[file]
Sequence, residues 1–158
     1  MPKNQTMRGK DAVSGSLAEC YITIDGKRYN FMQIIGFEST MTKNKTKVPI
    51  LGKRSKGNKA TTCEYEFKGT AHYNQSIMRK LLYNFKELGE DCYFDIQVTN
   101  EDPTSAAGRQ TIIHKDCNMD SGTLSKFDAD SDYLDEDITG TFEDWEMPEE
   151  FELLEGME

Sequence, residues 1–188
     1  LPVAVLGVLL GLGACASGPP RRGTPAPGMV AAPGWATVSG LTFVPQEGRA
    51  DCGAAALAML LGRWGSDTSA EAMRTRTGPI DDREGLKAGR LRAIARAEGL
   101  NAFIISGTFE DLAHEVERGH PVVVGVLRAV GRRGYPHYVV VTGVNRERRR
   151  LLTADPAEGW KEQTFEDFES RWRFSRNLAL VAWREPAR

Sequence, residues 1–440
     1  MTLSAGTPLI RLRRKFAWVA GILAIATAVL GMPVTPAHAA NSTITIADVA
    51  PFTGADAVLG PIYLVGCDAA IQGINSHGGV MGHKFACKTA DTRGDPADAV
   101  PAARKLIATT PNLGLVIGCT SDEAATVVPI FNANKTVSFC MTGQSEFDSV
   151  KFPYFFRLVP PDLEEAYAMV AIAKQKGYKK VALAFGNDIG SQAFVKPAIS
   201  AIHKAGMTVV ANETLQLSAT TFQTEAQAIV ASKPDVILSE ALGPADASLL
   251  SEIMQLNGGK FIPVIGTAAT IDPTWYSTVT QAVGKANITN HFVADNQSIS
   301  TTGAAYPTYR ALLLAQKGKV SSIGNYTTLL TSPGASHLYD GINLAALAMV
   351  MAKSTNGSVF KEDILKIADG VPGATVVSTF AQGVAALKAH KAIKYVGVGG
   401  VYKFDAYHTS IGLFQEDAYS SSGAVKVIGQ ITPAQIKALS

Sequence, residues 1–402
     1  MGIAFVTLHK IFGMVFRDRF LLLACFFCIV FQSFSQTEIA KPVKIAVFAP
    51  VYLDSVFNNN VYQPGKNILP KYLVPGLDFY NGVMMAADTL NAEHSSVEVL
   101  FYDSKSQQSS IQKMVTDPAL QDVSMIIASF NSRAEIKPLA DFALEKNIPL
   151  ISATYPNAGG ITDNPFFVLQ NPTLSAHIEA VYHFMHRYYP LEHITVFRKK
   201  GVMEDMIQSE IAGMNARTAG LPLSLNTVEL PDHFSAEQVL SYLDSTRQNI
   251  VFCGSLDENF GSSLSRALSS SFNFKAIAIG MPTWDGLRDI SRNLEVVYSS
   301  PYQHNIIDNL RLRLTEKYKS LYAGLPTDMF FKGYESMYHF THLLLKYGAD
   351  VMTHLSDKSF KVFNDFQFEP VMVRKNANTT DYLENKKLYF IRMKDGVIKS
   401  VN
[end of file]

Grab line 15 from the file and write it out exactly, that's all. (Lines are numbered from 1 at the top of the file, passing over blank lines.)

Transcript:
   151  KFPYFFRLVP PDLEEAYAMV AIAKQKGYKK VALAFGNDIG SQAFVKPAIS